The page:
US 5592785 A
A concrete cover for a subterranean construction includes a cast-in plastic handle which holds a piece of rebar in the cover and removably holds a piece of rebar externally of the cover.
1. An assembly comprising in combination: a concrete cover for a subterranean construction, a plastic handle comprising a first end and a second end, said first end being cast in said concrete cover, and said second end being external of said cover, a first piece of rebar mounted on said second end, and a second piece of rebar held by said first end in said cover.
2. The assembly of claim 1, further comprising:
said first piece of rebar being held by said second end so that said first piece is removable from said second end.
3. An assembly comprising in combination:
a concrete cover for a subterranean construction, a plastic handle comprising a first end and a second end, said first end being attached to said cover, said second end being external to said cover, a first piece of rebar mounted on said second end.
4. The assembly of claim 3, further comprising:
said first piece of rebar being held by said second end so that said first piece of rebar is removable from said second end.
5. An assembly comprising in combination:
a concrete cover for a subterranean construction, a plastic handle comprising a first end and a second end, said first end being cast in said concrete cover, and said second end being external of said cover, a piece of rebar held by said first end in said cover, and a metal marker of substantial mass being mounted on said second end for sensing the location of said cover.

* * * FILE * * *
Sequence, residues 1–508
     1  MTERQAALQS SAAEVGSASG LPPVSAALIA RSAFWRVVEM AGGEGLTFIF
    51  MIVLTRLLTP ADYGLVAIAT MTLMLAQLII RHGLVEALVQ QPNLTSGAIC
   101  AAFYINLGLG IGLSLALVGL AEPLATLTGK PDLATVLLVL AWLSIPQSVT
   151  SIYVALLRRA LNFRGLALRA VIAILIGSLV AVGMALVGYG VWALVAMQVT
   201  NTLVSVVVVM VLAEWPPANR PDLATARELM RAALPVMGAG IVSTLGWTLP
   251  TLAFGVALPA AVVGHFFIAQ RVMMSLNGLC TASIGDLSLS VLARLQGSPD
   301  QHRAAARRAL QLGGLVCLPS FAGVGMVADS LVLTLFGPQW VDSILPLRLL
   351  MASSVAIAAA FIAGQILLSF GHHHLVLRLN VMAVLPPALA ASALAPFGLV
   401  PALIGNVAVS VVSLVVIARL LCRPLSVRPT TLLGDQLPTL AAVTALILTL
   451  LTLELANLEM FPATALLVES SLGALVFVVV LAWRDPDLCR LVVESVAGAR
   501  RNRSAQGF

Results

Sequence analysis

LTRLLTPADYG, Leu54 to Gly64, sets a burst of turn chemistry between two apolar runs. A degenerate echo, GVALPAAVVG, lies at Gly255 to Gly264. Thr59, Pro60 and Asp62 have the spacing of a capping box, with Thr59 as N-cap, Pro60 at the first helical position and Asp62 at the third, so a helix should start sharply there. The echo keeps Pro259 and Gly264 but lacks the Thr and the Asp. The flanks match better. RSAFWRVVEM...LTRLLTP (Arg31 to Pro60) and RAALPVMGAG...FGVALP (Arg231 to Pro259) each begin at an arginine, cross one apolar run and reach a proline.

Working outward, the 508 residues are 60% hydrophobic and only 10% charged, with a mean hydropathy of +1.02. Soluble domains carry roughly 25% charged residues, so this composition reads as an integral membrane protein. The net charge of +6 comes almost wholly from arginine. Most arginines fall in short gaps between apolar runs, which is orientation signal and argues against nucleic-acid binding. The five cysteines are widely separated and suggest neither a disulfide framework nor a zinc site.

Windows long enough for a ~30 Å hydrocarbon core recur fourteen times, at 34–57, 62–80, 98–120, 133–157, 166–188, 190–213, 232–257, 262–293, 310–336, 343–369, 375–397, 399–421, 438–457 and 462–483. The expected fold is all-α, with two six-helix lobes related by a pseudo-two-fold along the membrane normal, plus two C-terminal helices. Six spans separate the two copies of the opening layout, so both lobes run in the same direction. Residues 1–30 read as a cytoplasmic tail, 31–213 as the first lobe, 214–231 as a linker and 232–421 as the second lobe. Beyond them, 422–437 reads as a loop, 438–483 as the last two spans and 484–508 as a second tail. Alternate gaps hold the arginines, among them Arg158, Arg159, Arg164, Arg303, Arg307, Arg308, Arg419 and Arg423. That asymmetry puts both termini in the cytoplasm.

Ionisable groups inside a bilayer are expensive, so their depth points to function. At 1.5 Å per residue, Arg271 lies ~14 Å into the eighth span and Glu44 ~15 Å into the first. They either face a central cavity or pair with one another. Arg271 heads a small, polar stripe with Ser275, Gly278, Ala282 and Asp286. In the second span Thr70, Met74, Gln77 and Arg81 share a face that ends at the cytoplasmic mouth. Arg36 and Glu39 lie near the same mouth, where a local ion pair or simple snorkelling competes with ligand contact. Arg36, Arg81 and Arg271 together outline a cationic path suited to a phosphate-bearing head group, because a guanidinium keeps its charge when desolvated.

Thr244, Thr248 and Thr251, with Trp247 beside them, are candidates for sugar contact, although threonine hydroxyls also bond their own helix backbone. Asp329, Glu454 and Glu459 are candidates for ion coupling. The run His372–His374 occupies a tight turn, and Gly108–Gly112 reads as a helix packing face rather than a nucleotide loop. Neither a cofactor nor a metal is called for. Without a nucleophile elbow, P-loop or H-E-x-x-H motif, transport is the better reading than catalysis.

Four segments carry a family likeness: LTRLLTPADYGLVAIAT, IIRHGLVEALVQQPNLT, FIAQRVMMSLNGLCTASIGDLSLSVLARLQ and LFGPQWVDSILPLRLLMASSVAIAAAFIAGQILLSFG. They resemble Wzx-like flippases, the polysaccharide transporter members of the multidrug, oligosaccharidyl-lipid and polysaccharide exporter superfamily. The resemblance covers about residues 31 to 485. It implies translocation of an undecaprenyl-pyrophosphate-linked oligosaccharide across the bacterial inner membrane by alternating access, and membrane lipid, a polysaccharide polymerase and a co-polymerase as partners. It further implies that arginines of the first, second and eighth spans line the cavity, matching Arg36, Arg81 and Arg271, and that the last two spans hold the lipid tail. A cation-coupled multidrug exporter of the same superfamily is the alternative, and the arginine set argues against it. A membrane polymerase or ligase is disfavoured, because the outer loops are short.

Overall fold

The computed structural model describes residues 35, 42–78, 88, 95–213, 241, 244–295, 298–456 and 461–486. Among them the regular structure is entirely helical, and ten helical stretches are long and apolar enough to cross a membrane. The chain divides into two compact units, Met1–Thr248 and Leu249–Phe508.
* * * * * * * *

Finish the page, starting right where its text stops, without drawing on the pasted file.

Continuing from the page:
1. Field of the Invention
This invention pertains to a handle for concrete and other heavy nonmetallic covers that are buried below grade, such as covers and inspection lids for septic tanks, wells, and concrete and plastic liquid distribution boxes, that provides means for indication of the location of the cover.
2. Description of the Prior Art
The need for marking the location of subterranean structures in the field of building and construction is well recognized, resulting in many designs.